Kate Innes, Ap Microeconomics and Econ teacher said,about half of her lesson plans would not have been possible without the new technology.  “I can use it as a standalone, I don’t have to tie my computer to the board, which was much better than my old board because I would have to use multiple screens,”  Innes elaborates, “The touchscreen is a lot more interactive. The other good thing is that I’m able to annotate and write directly on the board a lot easier than you could before.”


Toole said that the tech should be used where its features are needed. “Where the tech fits, it should be used.  One shouldn’t use tech simply for the sake of using tech or checking a box.  Although the Panels have a number of bells and whistles, the panels exist as tools to expand a teacher’s capacity to teach and reach students.”


Detailing another strength of the board, Toolenoted that older panels couldn’t move around well. Toole said that new Promethean boards “provide flexibility in the educational space. The wheels allow any wall or corner with an outlet to be a learning space.  The teacher isn’t limited to a mounted screen or fixed spot in the classroom.”


This feature opens opportunities for teachers to use them in different spaces giving the boards more flexibility than a wall mounted projector or smart board.



Toole also said, “lastly, the panels give teachers a greater ease to share written notes with students or to capture annotated images.  Teachers can convert written notes to pdfs and share them in Google Drive or Schoology.” in order to make sure students unable to attend a period have the ability to recapture some of the in class experience other students received.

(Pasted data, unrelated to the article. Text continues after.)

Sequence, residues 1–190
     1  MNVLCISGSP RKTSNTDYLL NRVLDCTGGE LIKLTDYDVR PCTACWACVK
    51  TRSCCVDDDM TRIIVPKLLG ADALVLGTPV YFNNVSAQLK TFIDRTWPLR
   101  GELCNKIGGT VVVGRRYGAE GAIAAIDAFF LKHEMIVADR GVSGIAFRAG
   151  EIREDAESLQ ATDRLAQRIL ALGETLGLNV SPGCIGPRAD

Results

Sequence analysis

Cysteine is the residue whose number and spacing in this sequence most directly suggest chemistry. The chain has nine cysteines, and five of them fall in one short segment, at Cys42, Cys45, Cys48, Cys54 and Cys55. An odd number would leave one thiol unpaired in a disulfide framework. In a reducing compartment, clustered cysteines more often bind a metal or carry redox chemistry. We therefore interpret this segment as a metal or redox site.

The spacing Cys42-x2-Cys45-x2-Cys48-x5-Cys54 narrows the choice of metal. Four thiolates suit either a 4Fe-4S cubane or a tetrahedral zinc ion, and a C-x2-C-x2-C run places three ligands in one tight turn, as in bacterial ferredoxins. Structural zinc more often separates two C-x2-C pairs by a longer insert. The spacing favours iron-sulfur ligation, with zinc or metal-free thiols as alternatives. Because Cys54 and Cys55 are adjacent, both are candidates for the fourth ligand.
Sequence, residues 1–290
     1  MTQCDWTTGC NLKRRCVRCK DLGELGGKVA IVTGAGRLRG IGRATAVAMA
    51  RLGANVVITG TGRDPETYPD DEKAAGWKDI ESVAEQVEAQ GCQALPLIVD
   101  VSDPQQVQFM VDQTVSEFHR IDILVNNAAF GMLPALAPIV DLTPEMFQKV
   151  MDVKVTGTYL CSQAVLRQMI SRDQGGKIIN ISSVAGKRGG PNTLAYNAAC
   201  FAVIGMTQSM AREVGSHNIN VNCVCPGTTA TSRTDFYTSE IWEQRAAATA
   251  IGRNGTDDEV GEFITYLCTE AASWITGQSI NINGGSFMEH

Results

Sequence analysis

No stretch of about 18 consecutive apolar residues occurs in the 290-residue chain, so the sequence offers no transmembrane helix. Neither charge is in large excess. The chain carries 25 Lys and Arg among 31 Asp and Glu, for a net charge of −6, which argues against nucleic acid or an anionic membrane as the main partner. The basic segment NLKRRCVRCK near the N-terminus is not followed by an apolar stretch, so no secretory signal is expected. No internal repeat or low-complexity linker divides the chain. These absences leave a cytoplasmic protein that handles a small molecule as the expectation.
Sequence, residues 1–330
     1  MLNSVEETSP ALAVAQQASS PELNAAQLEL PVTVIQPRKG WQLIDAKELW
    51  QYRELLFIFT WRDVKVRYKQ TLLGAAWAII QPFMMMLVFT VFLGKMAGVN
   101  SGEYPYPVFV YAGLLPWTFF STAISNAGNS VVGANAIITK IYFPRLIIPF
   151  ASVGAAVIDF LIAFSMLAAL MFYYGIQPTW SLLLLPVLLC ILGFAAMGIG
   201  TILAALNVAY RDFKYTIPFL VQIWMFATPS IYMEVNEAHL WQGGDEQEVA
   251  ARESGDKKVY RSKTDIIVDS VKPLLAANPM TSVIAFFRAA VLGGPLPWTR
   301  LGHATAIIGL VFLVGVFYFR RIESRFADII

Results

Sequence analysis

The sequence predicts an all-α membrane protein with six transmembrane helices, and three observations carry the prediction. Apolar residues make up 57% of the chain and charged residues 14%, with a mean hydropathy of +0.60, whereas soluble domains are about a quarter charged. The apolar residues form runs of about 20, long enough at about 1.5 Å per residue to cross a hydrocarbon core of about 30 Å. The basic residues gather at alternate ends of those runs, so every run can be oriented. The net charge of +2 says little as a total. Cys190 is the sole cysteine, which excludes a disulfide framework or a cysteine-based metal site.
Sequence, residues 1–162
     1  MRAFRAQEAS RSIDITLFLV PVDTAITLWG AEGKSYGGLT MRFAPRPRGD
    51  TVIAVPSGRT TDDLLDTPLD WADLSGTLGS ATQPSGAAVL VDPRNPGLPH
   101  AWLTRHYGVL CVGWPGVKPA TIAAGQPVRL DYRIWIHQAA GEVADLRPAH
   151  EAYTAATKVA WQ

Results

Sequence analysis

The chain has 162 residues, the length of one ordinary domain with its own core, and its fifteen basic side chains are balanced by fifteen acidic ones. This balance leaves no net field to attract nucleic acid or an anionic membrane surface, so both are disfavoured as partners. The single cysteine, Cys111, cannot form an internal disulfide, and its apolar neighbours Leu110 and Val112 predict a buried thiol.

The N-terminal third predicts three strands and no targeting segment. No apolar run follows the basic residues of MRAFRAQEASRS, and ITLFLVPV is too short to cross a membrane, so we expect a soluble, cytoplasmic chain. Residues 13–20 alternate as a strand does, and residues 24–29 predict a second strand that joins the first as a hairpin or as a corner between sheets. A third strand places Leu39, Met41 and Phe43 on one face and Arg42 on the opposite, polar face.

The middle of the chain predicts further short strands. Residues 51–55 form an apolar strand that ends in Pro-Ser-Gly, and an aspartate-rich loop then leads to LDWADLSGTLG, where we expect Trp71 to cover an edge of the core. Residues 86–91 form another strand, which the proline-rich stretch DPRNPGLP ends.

For students who miss class it gives them the opportunity to revise work while getting some of the in class experience they missed. For students who miss many periods of class due to illness, a problem which the school system saw a lot of in concern to Covid-19 social distancing rules, it gives them the ability to not become unengaged in lessons upon returning.


The real problems facing these boards for some teachers is not knowing how to utilize the boards or not having the time to learn. 


Albemarle county does offer multiple levels of training and opportunities. Christine Diggs, the chief technology officer for the county, stated, “There are multiple levels of training for teachers, beginning with an introductory training and then follow up sessions they can attend that go deeper into the use of the boards.”


Toole himself offers an array of help and training for teachers at Western. “With the panels, I provided direct school-wide training, self paced lessons for individuals, and small group training for staff as they have requested it.  Periodically, I will pop into a space and share a feature or workflow on the panel with a teacher.  I try to meet teachers where they are and walk with them on this tech journey.”  


While these training opportunities are nice it seems like teachers are struggling to find the time to utilize them. 


While training was required for a day, for some it may have been helpful to have more time allocated to set up. Innes, commented “it’s hard because you’re dealing with over 100 employees to provide better training for the boards. I equate it to like swimming and being thrown in versus actually taking lessons. Yeah, most teachers were just thrown in.”


Giving teachers the opportunity to utilize these technologies is also important to the county. Toole commented that “Teachers are professionals and will put themselves in the best spot when given time.” and divulged that “ with all things tech, not just the panels, I am always available by email and appointment.”


The value actually being obtained from each Promethean Board in each classroom will depend on the ability of the county to keep building on the skillsets of the teachers using them. 


Toole expressed the hope countywide that as time goes on these boards will help to form the classroom into a more educational and interactive experience for students. Toole stated that, “training on the panel provides a teacher with more tools in their toolbox to demonstrate their mastery of their craft. Teachers are very creative”